Historically, minority-serving institutions (MSIs) are badly underrepresented in National Science Foundation (NSF) research grants, particularly in the social sciences. UC Santa Barbara, one of the country’s leading Hispanic-serving institutions (HSIs), has been selected to join a national effort to boost research at MSIs.
As part of the NSF’s Build and Broaden Program, UCSB will establish the California Alliance for Hispanic-Serving Social Science Advancement (CAHSSA). The alliance will work to give social science scholars at HSIs the tools to secure funding for research from outside sources, such as the NSF.
CAHSSA will be led by co-principal investigators Belinda Robnett, vice chancellor for diversity, equity and inclusion, and Barbara Endemaño Walker, director of research development for social sciences, humanities, fine arts and education.
The CAHSSA partnership between UCSB, UC Irvine, Cal State University Channel Islands and the CSU Chancellor’s Office will serve 28 HSIs in the CSU and UC systems. The outcomes of the project will serve as a national model to advance research in wide-ranging disciplines that impact the health, prosperity and welfare of the U.S. public.
The NSF grant totals $332,963 over a three-year period.
“We are pleased to have received this grant!” Robnett said. “For some time now, there has been an inequitable distribution of federal grants that favor non-minority serving and research-intensive institutions.”
As Robnett and Endemaño Walker noted in their grant proposal, “According to the NSF awards database, in the decade from January 1, 2010 to December 31, 2020, roughly 1,000 proposals were funded by the SBE Directorate (Directorate for Social, Behavioral and Economic Sciences) to UC and CSU campuses. Of these, only 6% were funded to CSU institutions and 62% of these awards went to campuses that are not MSIs.”
“Our CAHSSA program will facilitate successful federal funding outcomes to support social science faculty members at Hispanic-serving institutions,” Robnett said. “We focus attention not only on professional development to encourage successful grant applications, but also on institutional transformation. Our research will examine the positive and negative biases that might exist among reviewers at federal funding agencies. We hope that our project will provide insights and inspire policy changes within these agencies, while also institutionalizing professional development support for faculty members at minority-serving institutions.”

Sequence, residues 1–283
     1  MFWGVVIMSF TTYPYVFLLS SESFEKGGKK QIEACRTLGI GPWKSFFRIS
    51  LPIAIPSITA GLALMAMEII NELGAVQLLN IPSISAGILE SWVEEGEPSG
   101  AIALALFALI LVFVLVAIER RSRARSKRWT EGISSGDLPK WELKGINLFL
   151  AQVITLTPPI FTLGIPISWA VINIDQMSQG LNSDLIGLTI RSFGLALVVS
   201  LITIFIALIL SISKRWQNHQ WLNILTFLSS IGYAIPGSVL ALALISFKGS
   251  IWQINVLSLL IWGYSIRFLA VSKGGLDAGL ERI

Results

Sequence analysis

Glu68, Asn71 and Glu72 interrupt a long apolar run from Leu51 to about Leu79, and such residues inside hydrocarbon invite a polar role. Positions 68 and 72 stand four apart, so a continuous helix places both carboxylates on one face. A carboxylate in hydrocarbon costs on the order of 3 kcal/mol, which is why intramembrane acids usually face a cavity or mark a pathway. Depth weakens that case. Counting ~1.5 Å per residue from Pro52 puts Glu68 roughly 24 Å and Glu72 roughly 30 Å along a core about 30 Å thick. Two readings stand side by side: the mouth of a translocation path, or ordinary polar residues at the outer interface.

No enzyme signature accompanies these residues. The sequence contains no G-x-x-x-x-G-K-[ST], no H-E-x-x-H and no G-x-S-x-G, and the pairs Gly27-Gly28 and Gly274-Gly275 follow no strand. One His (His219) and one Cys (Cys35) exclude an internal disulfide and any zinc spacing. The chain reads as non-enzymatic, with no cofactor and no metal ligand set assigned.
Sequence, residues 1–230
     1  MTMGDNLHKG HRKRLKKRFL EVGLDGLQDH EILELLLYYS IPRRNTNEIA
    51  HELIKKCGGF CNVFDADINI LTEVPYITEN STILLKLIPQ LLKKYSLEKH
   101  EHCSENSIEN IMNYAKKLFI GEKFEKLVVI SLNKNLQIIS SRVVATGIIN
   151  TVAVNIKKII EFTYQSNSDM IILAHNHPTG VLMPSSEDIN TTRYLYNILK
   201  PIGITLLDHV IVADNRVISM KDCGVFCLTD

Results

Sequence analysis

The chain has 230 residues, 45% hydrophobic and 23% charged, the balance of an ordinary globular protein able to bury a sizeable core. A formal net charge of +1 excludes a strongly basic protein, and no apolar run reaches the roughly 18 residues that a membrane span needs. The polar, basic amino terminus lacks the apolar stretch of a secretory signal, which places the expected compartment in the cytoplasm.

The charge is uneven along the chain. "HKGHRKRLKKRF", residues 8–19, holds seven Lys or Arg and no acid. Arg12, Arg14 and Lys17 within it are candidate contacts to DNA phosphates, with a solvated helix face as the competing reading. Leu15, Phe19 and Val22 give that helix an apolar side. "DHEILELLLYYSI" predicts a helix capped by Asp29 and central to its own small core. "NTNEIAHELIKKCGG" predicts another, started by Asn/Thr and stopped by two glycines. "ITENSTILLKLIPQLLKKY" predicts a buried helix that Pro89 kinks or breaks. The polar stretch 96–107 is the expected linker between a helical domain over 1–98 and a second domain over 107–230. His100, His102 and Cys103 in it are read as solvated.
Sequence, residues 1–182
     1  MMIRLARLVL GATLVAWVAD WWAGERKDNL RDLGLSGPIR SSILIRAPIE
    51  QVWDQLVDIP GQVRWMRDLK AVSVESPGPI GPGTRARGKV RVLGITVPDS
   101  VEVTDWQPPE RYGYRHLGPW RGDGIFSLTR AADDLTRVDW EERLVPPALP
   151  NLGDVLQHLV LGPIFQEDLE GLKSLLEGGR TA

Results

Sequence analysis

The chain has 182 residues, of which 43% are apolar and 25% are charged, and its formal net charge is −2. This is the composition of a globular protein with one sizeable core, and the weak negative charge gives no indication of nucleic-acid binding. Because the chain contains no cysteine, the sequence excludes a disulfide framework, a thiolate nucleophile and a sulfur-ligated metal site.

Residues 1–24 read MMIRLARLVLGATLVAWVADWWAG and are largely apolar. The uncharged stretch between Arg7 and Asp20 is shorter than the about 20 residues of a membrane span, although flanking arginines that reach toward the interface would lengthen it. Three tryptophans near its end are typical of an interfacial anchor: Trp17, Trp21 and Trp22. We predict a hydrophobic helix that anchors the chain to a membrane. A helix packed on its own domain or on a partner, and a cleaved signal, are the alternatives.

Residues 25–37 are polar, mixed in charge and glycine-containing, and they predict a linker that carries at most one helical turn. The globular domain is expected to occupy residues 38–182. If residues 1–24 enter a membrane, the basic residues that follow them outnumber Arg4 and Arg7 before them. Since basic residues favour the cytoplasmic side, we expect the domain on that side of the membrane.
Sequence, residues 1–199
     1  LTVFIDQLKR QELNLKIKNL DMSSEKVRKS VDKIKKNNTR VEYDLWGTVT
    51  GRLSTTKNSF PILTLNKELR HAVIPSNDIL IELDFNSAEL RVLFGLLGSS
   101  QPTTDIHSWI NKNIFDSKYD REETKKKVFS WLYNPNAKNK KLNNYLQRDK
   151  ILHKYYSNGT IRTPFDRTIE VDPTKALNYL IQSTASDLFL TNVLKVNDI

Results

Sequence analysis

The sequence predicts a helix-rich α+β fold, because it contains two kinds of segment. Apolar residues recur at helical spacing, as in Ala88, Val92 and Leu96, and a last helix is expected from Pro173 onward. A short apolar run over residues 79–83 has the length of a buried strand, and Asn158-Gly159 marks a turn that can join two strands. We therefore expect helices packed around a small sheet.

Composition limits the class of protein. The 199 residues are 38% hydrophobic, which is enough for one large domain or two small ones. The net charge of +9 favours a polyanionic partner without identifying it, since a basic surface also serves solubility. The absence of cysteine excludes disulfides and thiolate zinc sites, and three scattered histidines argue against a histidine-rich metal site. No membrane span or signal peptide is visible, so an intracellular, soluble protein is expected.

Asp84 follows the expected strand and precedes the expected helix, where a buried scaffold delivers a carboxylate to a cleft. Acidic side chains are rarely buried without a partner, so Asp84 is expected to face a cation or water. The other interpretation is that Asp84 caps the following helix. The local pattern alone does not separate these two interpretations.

Endemaño Walker, who also serves as the special assistant to the executive vice chancellor for diversity initiatives, noted that CAHSSA will focus on three areas:
1. Test research proposal development interventions among social science faculty at UC and CSU campuses to find out what types of professional development activities can strengthen the submission of proposals to the NSF.
2. Present a series of workshops by social science research leaders about the various dimensions of social science research at HSIs and how to support it.
3. A study of reviewer comments on social science research proposals that have been submitted to the NSF in the last decade to determine if there are biases in review related to minority-serving institutions and/or methodological approaches.
“Our collaborative team was intrigued by the NSF Build and Broaden program and its challenge to increase proposal submission from minority-serving institutions,” Endemaño Walker said. “Through our work on strengthening social science research and funding proposals in our various roles, we find that social science faculty members sometimes have a set of barriers and disincentives to writing and submitting extramural funding proposals, particularly at minority-serving institutions. We decided to use the Build and Broaden opportunity to learn more about how faculty conduct social science research at HSIs, and how it is reviewed and evaluated by the NSF.”